Why loved ones are key to hearing success

Your nearest and dearest play a vital role when it comes to hearing practice

Did you know that your partner and family can make an enormous difference to your hearing success? Support goes a long way – and not just emotional support after experiencing major change in your life, which often comes with a hearing implant.

Support from those who care about us is also about developing confidence to deal with social situations and helping you practice to improve your listening skills.

Having a partner or someone in your household by your side can help you manage challenging dynamics, for example with your children, as you all navigate family life with a hearing implant.

We asked adults with hearing implants to share their experiences of how someone significant made a difference to their hearing success.

Helping you understand you’re not alone

Andreas and Caroline, a couple from Canada who have been together for 31 years, are a tight team. They believe spending a lot of time together has been key for Caroline’s progress since she received her cochlear implant in 2018.

Andreas says that, while a cochlear implant is a big change for the person with hearing loss, life also changes for everyone else around them in their life, especially after activation.

“The emotional payload of restored access to hearing is immense, unexpected, and powerful,” says Andreas. “What we were learning was just how fundamental hearing and listening is to the human experience. It connects us in ways we simply didn’t appreciate. Now, we do.”

Andreas also spends a lot of time with Caroline, helping her with her hearing therapy. “As the hearing spouse, you can act as a ‘sound catalogue’ as they learn to listen to the sounds in your everyday life. Eventually, confirmation turns to confidence. Success breeds success.”

Encourage active hearing therapy

For David, a cochlear implant recipient with four children, his wife Jodie has also been by his side from the start.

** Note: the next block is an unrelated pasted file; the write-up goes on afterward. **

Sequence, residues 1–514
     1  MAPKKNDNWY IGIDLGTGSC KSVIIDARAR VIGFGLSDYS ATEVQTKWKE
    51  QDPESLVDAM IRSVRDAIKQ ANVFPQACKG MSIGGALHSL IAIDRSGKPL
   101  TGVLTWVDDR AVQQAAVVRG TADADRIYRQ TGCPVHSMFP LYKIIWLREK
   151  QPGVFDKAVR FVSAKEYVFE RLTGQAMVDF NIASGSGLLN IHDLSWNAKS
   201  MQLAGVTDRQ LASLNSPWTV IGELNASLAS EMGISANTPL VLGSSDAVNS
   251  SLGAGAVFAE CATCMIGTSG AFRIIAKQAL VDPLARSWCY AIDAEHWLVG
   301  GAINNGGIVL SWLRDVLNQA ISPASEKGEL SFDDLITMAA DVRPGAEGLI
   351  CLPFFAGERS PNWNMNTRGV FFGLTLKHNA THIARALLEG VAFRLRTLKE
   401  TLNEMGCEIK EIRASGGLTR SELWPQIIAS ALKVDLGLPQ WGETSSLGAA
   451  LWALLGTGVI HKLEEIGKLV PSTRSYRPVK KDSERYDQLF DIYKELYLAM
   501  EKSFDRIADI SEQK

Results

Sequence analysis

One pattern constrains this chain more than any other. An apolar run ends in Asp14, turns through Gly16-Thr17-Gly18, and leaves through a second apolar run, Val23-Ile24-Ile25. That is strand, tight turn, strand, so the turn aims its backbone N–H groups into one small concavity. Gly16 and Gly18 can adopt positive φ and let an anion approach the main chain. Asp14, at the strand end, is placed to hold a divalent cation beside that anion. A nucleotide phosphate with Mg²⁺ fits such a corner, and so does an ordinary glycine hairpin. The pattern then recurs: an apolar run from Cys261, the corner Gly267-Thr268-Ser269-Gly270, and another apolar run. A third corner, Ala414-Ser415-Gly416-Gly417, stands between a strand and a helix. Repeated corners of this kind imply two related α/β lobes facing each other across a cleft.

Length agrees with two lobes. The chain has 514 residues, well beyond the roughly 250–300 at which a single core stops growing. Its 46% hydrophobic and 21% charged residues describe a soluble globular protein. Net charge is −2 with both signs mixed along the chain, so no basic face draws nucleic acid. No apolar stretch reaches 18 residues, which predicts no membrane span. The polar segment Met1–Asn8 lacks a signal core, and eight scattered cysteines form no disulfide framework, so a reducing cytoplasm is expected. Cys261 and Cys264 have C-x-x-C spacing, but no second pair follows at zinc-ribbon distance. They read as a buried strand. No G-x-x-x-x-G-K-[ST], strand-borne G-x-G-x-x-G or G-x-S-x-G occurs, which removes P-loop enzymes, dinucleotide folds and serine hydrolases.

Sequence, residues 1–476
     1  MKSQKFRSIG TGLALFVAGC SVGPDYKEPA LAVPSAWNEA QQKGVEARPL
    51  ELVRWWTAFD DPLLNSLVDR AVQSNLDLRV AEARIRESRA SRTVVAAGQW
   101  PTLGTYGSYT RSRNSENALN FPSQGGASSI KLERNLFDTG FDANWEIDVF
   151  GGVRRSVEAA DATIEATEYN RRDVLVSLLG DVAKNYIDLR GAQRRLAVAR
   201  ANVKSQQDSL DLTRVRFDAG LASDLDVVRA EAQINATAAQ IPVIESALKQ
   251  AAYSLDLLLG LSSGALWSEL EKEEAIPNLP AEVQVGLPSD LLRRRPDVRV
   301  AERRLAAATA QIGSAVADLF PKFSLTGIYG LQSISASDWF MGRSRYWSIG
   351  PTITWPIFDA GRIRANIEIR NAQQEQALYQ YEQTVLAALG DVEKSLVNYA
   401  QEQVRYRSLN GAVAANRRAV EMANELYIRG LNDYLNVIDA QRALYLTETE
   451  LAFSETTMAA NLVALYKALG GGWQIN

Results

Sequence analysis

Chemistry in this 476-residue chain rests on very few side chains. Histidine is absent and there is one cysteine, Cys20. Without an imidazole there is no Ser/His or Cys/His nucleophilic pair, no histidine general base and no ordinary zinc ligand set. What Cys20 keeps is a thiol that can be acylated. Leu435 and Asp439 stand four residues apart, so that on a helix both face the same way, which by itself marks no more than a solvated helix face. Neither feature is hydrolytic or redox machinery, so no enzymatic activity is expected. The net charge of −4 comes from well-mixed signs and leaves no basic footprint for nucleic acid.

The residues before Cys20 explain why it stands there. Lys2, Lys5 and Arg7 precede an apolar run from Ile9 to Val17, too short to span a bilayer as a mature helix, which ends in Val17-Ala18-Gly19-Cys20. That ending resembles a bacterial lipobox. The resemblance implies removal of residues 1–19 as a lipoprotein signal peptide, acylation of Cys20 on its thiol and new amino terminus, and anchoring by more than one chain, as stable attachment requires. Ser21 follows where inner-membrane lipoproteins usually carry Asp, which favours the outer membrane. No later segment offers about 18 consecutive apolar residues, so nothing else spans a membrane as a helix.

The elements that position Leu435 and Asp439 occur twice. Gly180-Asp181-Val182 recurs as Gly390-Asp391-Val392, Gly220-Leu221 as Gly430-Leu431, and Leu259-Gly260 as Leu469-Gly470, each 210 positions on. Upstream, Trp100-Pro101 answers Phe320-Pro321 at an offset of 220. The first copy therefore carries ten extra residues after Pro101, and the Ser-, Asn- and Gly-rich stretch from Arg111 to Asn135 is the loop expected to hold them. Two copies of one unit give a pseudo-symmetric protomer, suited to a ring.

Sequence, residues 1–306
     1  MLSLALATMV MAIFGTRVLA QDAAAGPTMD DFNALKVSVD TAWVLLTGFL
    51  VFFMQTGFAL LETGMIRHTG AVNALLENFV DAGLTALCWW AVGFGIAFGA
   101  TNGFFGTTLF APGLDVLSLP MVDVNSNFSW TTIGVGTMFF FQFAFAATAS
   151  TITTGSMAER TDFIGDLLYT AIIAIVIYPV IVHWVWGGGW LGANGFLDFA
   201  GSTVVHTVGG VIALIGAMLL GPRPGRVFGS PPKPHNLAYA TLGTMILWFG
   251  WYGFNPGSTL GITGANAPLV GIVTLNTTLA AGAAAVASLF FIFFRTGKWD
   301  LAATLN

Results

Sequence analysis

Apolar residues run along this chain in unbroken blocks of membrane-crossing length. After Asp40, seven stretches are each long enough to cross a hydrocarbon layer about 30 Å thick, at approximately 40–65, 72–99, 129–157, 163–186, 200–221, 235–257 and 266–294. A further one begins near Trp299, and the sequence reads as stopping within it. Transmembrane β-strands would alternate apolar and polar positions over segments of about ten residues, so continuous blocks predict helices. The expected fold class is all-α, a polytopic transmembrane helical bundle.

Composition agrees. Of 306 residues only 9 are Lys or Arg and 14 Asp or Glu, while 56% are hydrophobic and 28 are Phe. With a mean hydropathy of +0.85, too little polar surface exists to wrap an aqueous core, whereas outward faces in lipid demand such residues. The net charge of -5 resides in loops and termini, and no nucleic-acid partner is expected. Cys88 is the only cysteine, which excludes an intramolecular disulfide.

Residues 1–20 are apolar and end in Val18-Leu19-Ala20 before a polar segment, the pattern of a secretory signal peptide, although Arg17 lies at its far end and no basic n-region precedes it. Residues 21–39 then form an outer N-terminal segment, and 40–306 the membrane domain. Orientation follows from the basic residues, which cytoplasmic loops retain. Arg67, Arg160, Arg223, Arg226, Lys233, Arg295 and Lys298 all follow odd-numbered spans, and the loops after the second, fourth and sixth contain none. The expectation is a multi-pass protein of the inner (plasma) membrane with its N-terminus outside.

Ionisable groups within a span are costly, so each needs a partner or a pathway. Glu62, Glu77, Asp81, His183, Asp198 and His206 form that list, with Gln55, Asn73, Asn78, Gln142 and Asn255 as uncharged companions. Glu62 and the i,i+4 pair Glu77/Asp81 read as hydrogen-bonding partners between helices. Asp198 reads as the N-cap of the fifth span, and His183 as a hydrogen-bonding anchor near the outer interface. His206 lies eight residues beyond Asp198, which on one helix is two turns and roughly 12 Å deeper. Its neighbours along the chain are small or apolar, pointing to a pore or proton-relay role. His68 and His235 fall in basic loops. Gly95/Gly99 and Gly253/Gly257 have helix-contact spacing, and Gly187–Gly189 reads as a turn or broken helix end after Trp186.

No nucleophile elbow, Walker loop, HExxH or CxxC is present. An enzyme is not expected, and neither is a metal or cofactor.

Life with a cochlear implant was an adjustment, not only for David, but for Jodie and their young Australian family. “It was about being patient, encouraging him to persevere,” says Jodie. “You’ve got to stick with it and not expect to be able to hear overnight. You have to train your brain.”

“Jodie’s support was particularly crucial in those early days,” says David. “It was a team effort; we both wanted the cochlear implant to be a success.”

Tom, a cochlear implant recipient from the US, agrees and says a lot of recipients don’t realise they need to take the time to practise their hearing – and that hearing therapy pays off.

Tom says his wife has played a pivotal role in his hearing therapy by regularly playing cards and board games, reading out Tom’s work rosters and grocery lists to practice.

“There are a lot of things you can do at home to help your hearing. It’s the simple things that make all the difference,” says Tom. “Involve your family and friends as much as possible – you’re not in this thing alone.”

Mix it up: Expand your shared experiences

After her husband’s activation, Jodie played a support role by encouraging David to engage in social situations and helping him identify sounds.

For Andreas and Caroline, exploring new environments together has been crucial. “Don’t wait for sound to come to you. Visit a construction site. Visit a farm, wineries, a repair shop, music stores… any place with a distinctive set of sounds is a listening target,” says Andreas. “Our approach is to go and listen,” which they routinely do together.

Overcome family challenges

While support from a spouse to practise listening is crucial, managing the overall family dynamic is also important.

Jodie remembers situations when the kids, aged 6 to 16, would talk at a normal level, but to David it was loud and he reacted negatively. He missed the context or misjudged the tone of what was being said. This was difficult for the children to understand and often upsetting for their 6-year-old twins.

“It was just a matter of having to talk this through with the kids. [It was] not that they were in trouble, because they hadn’t done anything wrong, but that it was difficult for their dad,” says Jodie.

Simple strategies helped. Jodie reminded the children to get their father’s attention before speaking to him and encouraged them to speak directly with David and not to rely on her as an intermediary.

Give you confidence to expand your “family”

While engaging family and friends is important, reaching out to others with hearing implants is also very powerful as they play a different role, says Sue, one of Australia’s earliest recipients who runs a not-for-profit support group for adults with cochlear implants. 

“Recipients can help each other with advice and tips for everyday activities, social engagement and managing phone calls. They understand the difficulties that present in all sorts of daily circumstances,” says Sue.

“It’s important to build your confidence and get the maximum benefit from your cochlear implant.”

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